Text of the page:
The nuclear power industry wants the government to require companies to design new nuclear reactors that would better withstand large fires and explosions, such as those that could be caused by a terrorist attack using hijacked aircraft.
"If you need to change the design to accommodate greater security, particularly for large fires and explosions, you want to do that up front in the design process, not after you build the plant" as the government requires, said Scott Peterson, a spokesman for the Nuclear Energy Institute.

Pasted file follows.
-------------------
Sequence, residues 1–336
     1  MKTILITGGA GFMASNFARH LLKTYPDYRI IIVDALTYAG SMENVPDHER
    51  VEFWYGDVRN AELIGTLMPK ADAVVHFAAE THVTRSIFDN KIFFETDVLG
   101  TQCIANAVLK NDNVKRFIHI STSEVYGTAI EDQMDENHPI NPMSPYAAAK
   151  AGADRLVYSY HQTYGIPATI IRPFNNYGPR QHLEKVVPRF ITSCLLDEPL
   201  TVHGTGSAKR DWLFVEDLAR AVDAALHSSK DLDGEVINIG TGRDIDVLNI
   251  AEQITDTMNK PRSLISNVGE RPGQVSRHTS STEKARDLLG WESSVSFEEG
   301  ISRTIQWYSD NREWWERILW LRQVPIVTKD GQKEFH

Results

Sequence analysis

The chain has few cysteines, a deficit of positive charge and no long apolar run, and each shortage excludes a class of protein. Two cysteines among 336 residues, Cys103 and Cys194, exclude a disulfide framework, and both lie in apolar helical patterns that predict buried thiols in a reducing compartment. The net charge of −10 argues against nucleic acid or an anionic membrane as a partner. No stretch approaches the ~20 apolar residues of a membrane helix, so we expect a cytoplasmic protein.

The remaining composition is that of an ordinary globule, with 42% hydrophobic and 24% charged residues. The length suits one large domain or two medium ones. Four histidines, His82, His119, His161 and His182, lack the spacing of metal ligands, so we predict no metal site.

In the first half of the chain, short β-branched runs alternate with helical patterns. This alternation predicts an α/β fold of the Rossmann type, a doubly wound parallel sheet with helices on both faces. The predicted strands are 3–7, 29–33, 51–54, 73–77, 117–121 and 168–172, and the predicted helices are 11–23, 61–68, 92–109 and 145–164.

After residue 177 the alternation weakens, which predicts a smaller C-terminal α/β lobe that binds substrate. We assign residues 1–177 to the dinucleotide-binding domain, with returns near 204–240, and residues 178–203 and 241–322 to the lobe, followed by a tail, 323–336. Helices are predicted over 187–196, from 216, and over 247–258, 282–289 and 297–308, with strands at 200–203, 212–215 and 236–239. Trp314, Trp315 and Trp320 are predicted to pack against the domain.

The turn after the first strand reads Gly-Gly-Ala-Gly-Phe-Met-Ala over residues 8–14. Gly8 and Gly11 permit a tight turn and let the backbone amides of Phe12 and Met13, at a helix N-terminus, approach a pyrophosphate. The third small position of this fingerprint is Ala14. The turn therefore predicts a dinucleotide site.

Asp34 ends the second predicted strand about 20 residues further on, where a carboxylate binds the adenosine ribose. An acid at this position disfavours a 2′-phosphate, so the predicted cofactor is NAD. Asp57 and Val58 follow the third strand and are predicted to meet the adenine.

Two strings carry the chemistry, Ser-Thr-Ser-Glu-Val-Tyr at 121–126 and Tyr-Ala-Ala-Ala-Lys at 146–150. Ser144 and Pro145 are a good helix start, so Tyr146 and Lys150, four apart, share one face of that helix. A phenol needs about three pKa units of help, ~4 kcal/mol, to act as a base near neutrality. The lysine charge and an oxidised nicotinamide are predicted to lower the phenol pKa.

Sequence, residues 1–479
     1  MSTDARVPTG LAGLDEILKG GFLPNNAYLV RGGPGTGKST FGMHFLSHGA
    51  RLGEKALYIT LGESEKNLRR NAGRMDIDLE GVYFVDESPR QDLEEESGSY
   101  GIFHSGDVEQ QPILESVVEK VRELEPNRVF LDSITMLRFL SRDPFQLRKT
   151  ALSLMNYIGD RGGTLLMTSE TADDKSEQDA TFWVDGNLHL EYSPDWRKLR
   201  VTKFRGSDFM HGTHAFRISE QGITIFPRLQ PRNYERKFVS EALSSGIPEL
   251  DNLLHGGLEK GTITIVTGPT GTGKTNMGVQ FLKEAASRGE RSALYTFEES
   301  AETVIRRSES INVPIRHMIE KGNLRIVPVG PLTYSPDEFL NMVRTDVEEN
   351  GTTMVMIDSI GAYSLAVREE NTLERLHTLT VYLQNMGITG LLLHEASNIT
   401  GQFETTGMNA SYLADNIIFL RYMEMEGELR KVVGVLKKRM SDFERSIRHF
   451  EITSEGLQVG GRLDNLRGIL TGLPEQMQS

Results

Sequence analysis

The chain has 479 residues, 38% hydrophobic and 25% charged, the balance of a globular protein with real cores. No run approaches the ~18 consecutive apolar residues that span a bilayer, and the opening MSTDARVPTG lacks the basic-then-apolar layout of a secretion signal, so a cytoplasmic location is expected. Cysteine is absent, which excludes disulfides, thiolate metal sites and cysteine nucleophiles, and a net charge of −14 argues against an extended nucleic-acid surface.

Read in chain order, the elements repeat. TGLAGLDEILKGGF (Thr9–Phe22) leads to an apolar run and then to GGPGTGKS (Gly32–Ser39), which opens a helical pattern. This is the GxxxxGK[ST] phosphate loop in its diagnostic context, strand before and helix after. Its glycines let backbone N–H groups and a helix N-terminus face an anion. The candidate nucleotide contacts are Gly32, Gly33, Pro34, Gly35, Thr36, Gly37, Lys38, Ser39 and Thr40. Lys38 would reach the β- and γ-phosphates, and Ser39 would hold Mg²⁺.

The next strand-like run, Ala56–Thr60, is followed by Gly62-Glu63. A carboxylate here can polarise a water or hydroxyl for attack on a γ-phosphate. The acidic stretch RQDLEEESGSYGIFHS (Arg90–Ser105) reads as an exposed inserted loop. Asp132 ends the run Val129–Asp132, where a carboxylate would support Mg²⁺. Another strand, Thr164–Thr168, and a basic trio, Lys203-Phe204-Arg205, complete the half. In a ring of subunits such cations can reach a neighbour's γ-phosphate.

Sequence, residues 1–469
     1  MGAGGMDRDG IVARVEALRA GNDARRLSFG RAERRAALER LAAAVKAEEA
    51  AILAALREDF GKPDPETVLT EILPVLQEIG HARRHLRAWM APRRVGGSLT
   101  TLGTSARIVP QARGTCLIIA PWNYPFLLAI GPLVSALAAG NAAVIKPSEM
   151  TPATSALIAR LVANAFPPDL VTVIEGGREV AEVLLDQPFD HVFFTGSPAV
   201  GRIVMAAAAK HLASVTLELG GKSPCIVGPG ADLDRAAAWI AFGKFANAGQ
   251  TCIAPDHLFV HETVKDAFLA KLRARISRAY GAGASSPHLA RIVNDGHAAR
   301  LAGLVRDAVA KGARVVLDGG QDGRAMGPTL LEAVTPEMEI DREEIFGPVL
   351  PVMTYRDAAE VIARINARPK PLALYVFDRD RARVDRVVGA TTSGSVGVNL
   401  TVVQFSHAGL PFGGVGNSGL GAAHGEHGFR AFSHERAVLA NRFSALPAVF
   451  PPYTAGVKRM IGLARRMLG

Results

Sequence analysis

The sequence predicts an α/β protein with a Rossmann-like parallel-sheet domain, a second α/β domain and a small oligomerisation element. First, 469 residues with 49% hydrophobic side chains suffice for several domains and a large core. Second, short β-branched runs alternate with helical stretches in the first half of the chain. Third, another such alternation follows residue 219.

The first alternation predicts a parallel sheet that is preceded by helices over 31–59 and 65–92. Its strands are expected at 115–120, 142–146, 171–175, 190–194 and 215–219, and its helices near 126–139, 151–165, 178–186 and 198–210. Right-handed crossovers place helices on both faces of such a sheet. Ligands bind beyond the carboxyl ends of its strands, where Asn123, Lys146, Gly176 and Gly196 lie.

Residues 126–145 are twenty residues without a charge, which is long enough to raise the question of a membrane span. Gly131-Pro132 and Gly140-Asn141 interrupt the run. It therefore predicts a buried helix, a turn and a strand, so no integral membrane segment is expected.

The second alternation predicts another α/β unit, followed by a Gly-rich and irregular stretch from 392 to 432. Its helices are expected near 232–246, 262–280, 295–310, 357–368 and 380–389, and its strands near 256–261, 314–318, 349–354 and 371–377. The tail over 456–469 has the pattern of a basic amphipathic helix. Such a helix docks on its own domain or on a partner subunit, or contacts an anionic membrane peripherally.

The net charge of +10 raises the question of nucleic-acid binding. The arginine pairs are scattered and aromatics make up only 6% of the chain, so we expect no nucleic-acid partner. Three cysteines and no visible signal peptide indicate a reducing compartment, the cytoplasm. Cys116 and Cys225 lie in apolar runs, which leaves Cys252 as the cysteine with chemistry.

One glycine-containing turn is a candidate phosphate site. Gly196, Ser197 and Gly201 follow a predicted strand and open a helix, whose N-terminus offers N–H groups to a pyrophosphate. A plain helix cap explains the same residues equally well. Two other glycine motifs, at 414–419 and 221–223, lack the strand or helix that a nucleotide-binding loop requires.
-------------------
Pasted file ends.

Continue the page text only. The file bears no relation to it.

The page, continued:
The industry's position, set out in a December 8 letter, runs counter to the government's.
More than a month ago, the Nuclear Regulatory Commission decided to keep the current design rules - now more than a decade old - for new plants and make those facilities fulfill security requirements later.
At question is the Design Basis Threat, or DBT, the largely secret requirements for threats for which nuclear plant operators must be prepared. A hijacked airliner is not on that list of threats, Peterson said, because defending against that kind of attack requires assistance from other government agencies and the military.
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